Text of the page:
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A Tale of Two Job Markets

Last week I played golf with a highly successful recruiting firm owner. As usual, I took the opportunity to ask for his opinions of the job market and to learn how he connects hiring managers with the candidates they want to hire. One statement he made I found particularly interesting. He said “There are two job markets.” I had no idea what he meant, so I asked him to explain. In essence, here is what he was saying:

There are two job markets. One is available to employed people, the other is available to the employed as well as the unemployed.

I asked, based upon the recruiter’s experience, what portion of the job market is available to both the employed and unemployed and he answered “20%”. In other words, he felt that unemployed job seekers would be considered for 20% of the jobs available. “Why?”, I asked. He said that his estimate was based upon the percentage of employers he has observed willing to interview and hire unemployed job candidates.

Independent recruiting and staffing firms fill approximately 15% of all jobs. His comment was specifically addressing this portion of the job market. However, it has broader implications for the entire market because it is also true that some percentage of ALL employers tend to ignore unemployed candidates. Based upon my experience, I would estimate this portion which is unavailable to the unemployed to be 60%. In addition, it is also important for the unemployed to be aware that their marketability is reduced the longer they remain unemployed. (See my previous post titled Employment Date Coding).

Regardless of whether my 60% estimate is high or low, it is undeniable that a significant portion of the job market is not available to the unemployed. This fact has the following implications for your career management:

Employed people need to think carefully before resigning from their jobs and downgrading their personal branding from “employed” to “unemployed” as this will reduce their marketability. Knowing this, I always try to sensitize my clients to this and suggest they try to hang in there while looking for their next job. If it is too late and they have recently resigned, I suggest they not be too quick to update their employment status on their resume or LinkedIn profile.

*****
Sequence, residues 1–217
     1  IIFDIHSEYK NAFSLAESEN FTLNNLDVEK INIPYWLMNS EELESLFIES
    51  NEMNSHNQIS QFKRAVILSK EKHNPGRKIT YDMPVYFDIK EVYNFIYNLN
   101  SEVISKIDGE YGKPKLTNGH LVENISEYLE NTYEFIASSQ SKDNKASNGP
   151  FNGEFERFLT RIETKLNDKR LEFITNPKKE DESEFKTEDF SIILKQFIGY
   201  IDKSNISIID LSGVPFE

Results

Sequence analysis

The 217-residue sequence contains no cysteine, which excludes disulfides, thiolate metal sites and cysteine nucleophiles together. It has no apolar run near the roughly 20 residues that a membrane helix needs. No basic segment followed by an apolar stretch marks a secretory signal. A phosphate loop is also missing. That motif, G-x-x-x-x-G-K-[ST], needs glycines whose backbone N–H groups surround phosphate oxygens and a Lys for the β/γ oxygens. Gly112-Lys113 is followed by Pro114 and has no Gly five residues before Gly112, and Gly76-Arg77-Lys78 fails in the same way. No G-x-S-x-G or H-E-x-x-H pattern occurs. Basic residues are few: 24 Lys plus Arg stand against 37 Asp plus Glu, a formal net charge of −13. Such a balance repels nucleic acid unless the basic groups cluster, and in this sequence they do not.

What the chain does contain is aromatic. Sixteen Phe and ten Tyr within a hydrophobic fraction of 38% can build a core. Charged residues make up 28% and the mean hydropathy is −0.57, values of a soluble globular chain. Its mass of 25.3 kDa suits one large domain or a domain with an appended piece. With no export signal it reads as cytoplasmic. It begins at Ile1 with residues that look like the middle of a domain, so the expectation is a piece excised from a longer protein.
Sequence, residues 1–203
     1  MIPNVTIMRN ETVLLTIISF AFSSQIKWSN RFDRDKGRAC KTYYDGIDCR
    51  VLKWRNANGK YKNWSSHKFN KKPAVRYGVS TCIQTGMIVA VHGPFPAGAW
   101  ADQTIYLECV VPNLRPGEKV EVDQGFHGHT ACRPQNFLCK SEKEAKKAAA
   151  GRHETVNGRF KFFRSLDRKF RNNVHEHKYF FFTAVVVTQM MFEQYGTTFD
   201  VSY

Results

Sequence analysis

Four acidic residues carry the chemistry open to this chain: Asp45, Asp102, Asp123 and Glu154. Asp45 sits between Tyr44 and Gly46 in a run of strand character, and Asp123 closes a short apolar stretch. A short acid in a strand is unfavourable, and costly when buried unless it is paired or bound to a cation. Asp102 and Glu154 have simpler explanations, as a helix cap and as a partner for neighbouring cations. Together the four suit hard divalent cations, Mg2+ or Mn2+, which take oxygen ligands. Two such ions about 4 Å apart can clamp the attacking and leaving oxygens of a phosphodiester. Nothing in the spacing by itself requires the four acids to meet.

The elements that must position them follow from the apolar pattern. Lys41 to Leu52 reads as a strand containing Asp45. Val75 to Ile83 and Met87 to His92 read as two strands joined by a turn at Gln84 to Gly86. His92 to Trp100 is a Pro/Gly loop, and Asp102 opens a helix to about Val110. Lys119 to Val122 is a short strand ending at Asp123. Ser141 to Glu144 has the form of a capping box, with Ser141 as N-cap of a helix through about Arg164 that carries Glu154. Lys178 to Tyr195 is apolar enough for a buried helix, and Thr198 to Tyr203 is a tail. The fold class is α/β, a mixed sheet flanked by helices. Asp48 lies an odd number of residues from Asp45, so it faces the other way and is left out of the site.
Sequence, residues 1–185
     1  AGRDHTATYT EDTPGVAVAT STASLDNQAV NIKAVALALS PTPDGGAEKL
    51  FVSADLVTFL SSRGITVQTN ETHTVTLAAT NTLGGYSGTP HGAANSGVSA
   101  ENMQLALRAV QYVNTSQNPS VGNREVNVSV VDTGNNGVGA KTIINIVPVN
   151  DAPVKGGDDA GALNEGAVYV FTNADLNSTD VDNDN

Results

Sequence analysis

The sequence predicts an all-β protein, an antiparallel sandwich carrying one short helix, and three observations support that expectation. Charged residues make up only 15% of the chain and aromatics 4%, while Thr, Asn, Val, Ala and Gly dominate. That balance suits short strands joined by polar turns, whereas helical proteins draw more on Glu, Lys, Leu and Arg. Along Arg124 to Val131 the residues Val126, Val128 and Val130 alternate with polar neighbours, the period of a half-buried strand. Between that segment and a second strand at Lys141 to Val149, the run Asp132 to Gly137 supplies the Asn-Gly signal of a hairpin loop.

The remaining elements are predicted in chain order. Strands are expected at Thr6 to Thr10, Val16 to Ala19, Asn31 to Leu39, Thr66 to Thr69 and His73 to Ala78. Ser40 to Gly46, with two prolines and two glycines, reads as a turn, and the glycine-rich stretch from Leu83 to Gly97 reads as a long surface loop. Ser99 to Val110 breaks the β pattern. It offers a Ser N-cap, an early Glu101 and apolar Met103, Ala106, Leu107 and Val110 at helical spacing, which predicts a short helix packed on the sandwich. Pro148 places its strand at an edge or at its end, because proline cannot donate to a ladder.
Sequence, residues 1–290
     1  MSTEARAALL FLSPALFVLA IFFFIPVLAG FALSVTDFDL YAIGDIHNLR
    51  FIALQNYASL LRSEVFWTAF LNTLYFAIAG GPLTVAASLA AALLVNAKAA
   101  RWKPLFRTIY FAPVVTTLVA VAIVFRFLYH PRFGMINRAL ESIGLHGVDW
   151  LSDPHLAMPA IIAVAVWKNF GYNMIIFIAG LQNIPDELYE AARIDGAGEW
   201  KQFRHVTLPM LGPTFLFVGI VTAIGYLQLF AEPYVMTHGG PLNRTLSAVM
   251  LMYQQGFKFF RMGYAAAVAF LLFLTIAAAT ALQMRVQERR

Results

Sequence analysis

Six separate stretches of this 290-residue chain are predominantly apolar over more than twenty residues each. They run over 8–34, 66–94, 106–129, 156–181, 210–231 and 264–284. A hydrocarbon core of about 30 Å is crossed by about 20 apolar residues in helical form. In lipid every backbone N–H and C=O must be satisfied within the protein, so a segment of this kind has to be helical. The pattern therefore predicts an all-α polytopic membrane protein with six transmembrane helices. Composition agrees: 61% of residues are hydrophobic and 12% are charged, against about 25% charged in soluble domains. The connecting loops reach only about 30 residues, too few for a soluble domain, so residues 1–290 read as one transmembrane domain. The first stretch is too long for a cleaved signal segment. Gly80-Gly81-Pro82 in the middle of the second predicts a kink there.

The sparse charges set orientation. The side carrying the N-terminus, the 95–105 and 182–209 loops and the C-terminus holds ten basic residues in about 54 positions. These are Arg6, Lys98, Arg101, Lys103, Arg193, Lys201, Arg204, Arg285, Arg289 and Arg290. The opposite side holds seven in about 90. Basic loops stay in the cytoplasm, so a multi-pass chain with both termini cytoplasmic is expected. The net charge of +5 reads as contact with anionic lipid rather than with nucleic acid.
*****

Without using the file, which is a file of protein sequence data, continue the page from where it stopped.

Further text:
Unemployed people need to make maximum efforts early in their job searches, when they are more marketable. The recruiter told me the story of a friend who was given a twelve month severance. She came to him after “taking off” for a year, earnestly desiring help with her job search. He told her “You are not hirable.” While I believe this was an overstatement, it points to the fact that many recruiters will not propose such a person for positions they are seeking to fill.

Here is an analogy that sums up this matter. You are like a new car. It immediately loses value the day it is purchased and driven off the lot. As it continues to age, it continues to depreciate. Likewise, the day you become unemployed your marketability drops…  and it continues to drop the longer you are unemployed.

I imagine that unemployed job seekers will consider the previous information to be negative. However, if it causes the employed to be more careful before quitting their current jobs and causes the unemployed to work harder at their job searches earlier rather than later, then my work here is done.

Good luck and best wishes for your success.


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